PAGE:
It was an important finding. My early ambition was to become an actress, and the few black women I saw on television and in movies – Diahann Carroll, Nichelle Nichols – were glamorous but emotionally inaccessible, as “done” as their impeccable hair and makeup. up. Likewise, the street superheroes like Teresa Graves and Tamara Dobson in the so-called Blaxploitation films of the 1970s; as Christie Love and Cleopatra Jones they were beautiful and confident but seemed to be spreading an urban myth of blacks being Teflon-hard. In contrast, Tyson embodied and embraced the resilience of everyday life, which was marked by clear moments of doubt and even despair. She was regal but regular, qualities emphasized by her dark skin that had forced black women for generations to play archetypal maids or mummies (the epitome of Teflon), if they got roles at all.
In addition to her acting acumen in a seven-decade long career that spanned films, television and theater, Tyson’s greatest contribution to the entertainment industry was the advancement of a standard of beauty that, despite the bravado of the Black Power movement, was profoundly radical. It stays that way. As a girl, I was surprised by her looks, which I and many other black girls had found ugly: dark-skinned, with decidedly non-European features, preferring braids and natural hair. Such an aesthetic has long been rejected as too African, let alone a real star, in a store that rejected even fair-skinned Lena Horne types as too colorful for permanent work. Tyson not only struck that notion, he also struck the age-old phenomenon of black self-hatred.
Liberating as Tyson’s notoriety was, it didn’t become the norm. After the 1970s, when Tyson was at its peak, it took dark-skinned Black women a few more generations – for the Black woman era – to establish a presence and depth on screen. In movies and across all media platforms, we now have actors like Viola Davis and Octavia Spencer who both appeared with Tyson in The help, a 2011 film about maids that’s at least black-centered. On HBO, there’s Issa Rae, who built on Tyson’s legacy of being black, beautiful, and together, but vulnerable, even – maybe even mostly – “unsafe”. Rae quickly went from actress to producer, talent scout and influencer, turning other Black women into the same thing. It’s all very encouraging and I hope it continues.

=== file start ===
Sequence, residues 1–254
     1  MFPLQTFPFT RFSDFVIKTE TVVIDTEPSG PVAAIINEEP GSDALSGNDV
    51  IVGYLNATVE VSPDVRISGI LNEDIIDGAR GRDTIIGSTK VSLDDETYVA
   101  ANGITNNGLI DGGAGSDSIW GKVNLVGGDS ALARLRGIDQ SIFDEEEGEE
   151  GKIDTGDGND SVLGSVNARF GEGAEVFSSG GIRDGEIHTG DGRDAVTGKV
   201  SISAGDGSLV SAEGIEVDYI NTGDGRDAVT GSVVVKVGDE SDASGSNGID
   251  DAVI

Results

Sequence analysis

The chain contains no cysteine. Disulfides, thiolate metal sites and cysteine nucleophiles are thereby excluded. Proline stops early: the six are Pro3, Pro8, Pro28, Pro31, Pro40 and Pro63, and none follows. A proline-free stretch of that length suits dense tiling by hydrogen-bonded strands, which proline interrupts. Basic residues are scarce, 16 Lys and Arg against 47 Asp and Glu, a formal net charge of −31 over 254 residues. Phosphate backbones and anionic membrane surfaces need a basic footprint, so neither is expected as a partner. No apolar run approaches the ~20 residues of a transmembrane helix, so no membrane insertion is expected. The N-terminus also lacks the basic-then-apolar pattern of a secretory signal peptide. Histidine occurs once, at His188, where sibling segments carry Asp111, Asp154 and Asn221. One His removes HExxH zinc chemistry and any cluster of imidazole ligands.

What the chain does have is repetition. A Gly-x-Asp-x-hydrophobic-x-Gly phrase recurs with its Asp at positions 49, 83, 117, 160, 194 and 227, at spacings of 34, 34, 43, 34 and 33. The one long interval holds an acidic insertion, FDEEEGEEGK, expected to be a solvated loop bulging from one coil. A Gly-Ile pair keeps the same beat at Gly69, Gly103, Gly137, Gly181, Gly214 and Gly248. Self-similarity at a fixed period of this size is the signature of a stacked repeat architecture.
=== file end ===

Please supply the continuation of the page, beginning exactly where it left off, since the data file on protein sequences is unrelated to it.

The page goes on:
There are still miles to go. While “Insecure” opened up critical new space and emotional territory, it was largely praised for the kind of sharp comic sensibility that we normally associate with black performance. Tyson was a dramatic actor who defied hipness. She didn’t often parry Black Pain with comedy, profanity, or nasty comebacks. It wasn’t polished or fly. That made her great and groundbreaking.
I grew up as a writer, not an actor. But even after 50 years, I still dream of the screen and the stage. Tyson played her whole life, never letting go of what she loved and how she loved it; that assurance, and a certain glamor that came with so much self-control, increased with age. It is just one more example that she set and that is still waiting to be accompanied by more examples and to make the leap into tradition.